Maastricht Economic and social Research and  training centre on Innovation and Technology

 
Master's Open Day at UNU-MERIT
UNU-MERIT will host a Master’s Open Day on Saturday 7 October 2017. Our top-ranked MSc in Public Policy and Human Development (MPP) emphasises the connection between public policy and decision-making processes, as well as the principles of good governance.

Students who successfully complete our Master’s programme receive a double degree issued by the United Nations University and Maastricht University. Several information sessions will be offered throughout the day and visitors will have the opportunity to talk with staff and students.
See: https://www.merit.unu.edu/events/event-abstract/?id=1660



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All headlines
  • Light stored as sound for the first time
  • New method for testing blood with sound waves developed
  • Could we store carbon dioxide as liquid lakes under the sea?
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  • Why modern mortar crumbles, but Roman concrete lasts millennia
    Modern concrete, used in everything from roads to buildings to bridges, can break down in as few as 50 years. But more than 1000 years after the western Roman Empire crumbled to dust, its concrete structures are still standing. Now, scientists have finally figured out why: a special ingredient that makes the cement grow stronger, not weaker, over time.

    Scientists began their search with an ancient recipe for mortar, laid down by Roman engineer Marcus Vitruvius in 30 BCE. It called for a concoction of volcanic ash, lime, and seawater, mixed together with volcanic rocks and spread into wooden moulds that were then immersed in more sea water. History contains many references to the durability of Roman concrete, including this cryptic note written in 79 BCE, describing concrete exposed to seawater as: 'a single stone mass, impregnable to the waves and everyday stronger.'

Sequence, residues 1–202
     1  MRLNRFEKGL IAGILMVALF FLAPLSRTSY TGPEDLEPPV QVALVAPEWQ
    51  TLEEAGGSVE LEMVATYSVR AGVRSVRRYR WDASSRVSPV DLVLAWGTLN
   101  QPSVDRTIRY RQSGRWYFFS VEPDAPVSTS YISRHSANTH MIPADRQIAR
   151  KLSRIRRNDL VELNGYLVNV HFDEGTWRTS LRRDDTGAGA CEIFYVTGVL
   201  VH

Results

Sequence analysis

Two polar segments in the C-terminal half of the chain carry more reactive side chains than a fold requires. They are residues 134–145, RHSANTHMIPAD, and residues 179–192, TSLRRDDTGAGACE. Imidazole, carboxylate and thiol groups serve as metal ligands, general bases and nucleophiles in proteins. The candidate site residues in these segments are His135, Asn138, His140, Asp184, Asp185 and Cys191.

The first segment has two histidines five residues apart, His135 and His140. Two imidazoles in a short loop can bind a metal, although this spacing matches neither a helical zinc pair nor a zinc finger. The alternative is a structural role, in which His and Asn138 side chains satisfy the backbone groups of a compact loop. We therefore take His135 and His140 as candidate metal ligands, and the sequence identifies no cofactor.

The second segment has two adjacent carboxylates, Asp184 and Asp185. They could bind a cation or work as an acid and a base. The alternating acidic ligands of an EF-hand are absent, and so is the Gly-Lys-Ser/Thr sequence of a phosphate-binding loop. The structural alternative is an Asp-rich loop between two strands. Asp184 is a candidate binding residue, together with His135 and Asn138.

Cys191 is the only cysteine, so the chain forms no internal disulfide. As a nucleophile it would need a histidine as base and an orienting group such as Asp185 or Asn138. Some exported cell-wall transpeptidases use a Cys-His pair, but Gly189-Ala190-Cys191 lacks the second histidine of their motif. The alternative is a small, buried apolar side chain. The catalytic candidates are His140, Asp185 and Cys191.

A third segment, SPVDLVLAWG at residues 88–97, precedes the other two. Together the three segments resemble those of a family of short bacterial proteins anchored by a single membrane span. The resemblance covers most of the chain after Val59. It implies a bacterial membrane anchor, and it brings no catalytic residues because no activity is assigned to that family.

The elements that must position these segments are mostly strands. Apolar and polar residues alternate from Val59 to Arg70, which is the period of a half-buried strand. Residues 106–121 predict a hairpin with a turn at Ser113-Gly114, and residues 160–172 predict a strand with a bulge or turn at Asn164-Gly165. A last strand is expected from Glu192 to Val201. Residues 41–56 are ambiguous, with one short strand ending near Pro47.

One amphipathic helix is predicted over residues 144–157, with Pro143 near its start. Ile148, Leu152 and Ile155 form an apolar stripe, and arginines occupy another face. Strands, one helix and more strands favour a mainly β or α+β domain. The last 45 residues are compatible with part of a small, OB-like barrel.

What did it mean? To find out, the researchers studied drilled cores of a Roman harbour from Pozzuoli Bay near Naples, Italy. When they analysed it, they found that the seawater had dissolved components of the volcanic ash, allowing new binding minerals to grow. Within a decade, a very rare hydrothermal mineral called aluminium tobermorite (Al-tobermorite) had formed in the concrete. Al-tobermorite, long known to give Roman concrete its strength, can be made in the lab, but it's very difficult to incorporate it in concrete.

    But the researchers found that when seawater percolates through a cement matrix, it reacts with volcanic ash and crystals to form Al-tobermorite and a porous mineral called phillipsite. So will you be seeing stronger piers and breakwaters anytime soon? Because both minerals take centuries to strengthen concrete, modern scientists are still working on recreating a modern version of Roman cement.

    Science Magazine / American Mineralogist    July 03, 2017